The great Walt Whitman sang a song of himself, and that song has continued to resonate over the two centuries that have passed since his birth. As a poet, a queer icon, and a literary celebrity, his influence on the American consciousness was monumental. A new exhibition at The Morgan Library and Museum, “Walt Whitman: Bard of Democracy” (on view from June 7 to September 15), examines how thoroughly Whitman’s work is threaded into this country’s DNA and mythology. A selection of artifacts from the show—including a plaster cast of the poet’s right hand, a notebook containing early versions of lines from Leaves of Grass, and the cardboard butterfly he posed with in one of his infamous author portraits—appears below.
Phillips & Taylor, Photograph of Walt Whitman, 1873. Prints and Photographs Division, Library of Congress. Image provided courtesy of the Library of Congress.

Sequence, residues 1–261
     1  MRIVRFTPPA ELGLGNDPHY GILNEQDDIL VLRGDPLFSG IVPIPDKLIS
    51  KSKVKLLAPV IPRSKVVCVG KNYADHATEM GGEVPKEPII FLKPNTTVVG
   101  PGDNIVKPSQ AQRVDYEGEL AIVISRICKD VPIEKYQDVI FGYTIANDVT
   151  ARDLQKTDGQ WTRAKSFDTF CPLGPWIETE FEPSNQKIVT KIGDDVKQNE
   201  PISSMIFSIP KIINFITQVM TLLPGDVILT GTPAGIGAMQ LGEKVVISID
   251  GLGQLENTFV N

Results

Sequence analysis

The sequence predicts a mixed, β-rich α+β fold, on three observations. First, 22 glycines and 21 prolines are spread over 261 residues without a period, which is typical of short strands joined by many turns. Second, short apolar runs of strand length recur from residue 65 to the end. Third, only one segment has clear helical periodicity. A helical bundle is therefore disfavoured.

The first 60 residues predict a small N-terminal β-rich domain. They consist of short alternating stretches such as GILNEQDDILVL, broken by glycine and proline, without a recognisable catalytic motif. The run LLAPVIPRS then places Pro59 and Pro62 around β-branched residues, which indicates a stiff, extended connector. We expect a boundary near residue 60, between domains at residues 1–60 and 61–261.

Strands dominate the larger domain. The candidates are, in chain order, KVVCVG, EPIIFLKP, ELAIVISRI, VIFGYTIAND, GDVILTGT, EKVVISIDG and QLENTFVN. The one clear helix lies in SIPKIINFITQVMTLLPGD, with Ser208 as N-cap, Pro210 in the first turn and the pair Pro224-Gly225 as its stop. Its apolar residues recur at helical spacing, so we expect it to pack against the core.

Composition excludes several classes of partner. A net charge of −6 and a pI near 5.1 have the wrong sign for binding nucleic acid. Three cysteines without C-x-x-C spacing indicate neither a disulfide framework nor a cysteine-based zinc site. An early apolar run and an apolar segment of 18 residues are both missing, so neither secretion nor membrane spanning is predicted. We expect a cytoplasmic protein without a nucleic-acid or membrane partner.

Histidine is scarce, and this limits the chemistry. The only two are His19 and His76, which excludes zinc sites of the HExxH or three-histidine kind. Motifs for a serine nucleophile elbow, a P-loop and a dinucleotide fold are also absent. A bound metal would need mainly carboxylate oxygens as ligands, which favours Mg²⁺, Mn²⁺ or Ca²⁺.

Walt Whitman’s cardboard butterfly, 1850. Manuscript Division, Thomas Biggs Harned Collection of Walt Whitman Papers, Library of Congress. Image provided courtesy of the Library of Congress.
Truman Howe Bartlett (1835–1922), Plaster cast of Walt Whitman’s hand, 1881. Library of Congress, Manuscript Division, Charles E. Feinberg Collection of Walt Whitman Papers.
Joseph Pennell (1857–1926), Walt Whitman’s house, Camden, New Jersey, ca. 1924, etching. Purchased on the Edwin V. Erbe, Jr. Acquisitions Fund, The Morgan Library & Museum. Photography by Graham S Haber 2019.
Moses P. Rice and Sons?, Walt Whitman and his rebel soldier friend Pete Doyle, 1865, photograph; albumen print on card mount. Library of Congress Prints and Photographs Division. Image provided courtesy of the Library of Congress.
Walt Whitman (1819–1892), Notebook with trial lines for Leaves of Grass, ca. 1847-1854. The Library of Congress. Image provided courtesy of the Library of Congress.
Walt Whitman, Walt Whitman’s Books, broadside advertisement printed on linen, ca. 1871. The Morgan Library & Museum, gift of CharlesE. Feinberg, 1959; PML 50638. Photography by Graham S Haber 2017.
George Frank E. Pearsall (1841–1931), Walt Whitman, 1871, photographic print. Image courtesy of the Library of Congress.
“Walt Whitman: Bard of Democracy” will open at The Morgan Library and Museum on June 7.
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